Chapter

The Sophistication of the Stereotype

Martin Wiggins

in Journeymen in Murder

Published in print November 1991 | ISBN: 9780198112280
Published online October 2011 | e-ISBN: 9780191670749 | DOI: http://dx.doi.org/10.1093/acprof:oso/9780198112280.003.0009
The Sophistication of the Stereotype

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In general, early Jacobean dramatists were less explicitly moralistic than their Elizabethan predecessors. Their plays deal with villainy not in order to brand as unethical certain forms of political and social behaviour, but as a human experience: in Macbeth and plays like it, for instance, characters are shown in states of premeditation, and dramatic tension comes as much from the decision to commit murder as from the murder itself. The playwrights and audiences of the late 1580s and early 1590s were interested in hired assassins as embodiments of the sixteenth century's concern about the moral and social implications of the unrestrained pursuit of money. The plays dealt with abstract issues that might have been addressed using the techniques of the recently outmoded morality drama. The apothecary is not an assassin, but William Shakespeare's presentation of him, radical in its time, heralded new attitudes to crime that gave a further dimension to the type. One aspect of this development was the assimilation of the assassin to the common early seventeenth-century figure of the malcontent.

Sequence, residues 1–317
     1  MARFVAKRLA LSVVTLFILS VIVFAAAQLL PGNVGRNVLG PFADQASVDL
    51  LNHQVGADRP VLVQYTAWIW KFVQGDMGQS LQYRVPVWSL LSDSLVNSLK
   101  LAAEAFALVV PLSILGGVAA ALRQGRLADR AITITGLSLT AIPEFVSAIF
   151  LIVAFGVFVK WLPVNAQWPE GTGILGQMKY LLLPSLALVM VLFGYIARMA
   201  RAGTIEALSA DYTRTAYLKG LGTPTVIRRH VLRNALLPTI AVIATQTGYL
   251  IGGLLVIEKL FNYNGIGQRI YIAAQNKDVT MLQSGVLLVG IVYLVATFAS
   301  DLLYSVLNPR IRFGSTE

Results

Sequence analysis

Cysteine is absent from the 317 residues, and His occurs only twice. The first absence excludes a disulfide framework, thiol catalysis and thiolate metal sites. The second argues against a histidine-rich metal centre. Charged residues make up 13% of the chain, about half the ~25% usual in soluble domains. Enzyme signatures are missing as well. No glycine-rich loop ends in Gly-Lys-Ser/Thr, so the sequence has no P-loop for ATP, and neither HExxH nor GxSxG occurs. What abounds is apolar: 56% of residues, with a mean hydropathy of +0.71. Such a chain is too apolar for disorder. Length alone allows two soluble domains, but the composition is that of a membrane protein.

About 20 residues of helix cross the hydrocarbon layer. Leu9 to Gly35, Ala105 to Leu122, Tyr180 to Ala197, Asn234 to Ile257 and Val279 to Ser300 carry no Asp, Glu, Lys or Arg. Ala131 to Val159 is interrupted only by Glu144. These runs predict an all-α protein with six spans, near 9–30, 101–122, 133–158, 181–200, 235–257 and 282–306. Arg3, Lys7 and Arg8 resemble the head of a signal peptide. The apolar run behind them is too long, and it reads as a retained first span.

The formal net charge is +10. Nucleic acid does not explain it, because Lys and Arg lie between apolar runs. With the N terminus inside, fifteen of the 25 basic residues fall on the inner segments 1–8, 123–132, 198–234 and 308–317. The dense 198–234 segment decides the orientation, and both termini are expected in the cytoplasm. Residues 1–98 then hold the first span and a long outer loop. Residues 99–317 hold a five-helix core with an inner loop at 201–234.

Keywords: William Shakespeare; assassins; murder; plays; drama; malcontent; apothecary; crime

Chapter.  7560 words. 

Subjects: Literary Studies (Plays and Playwrights)

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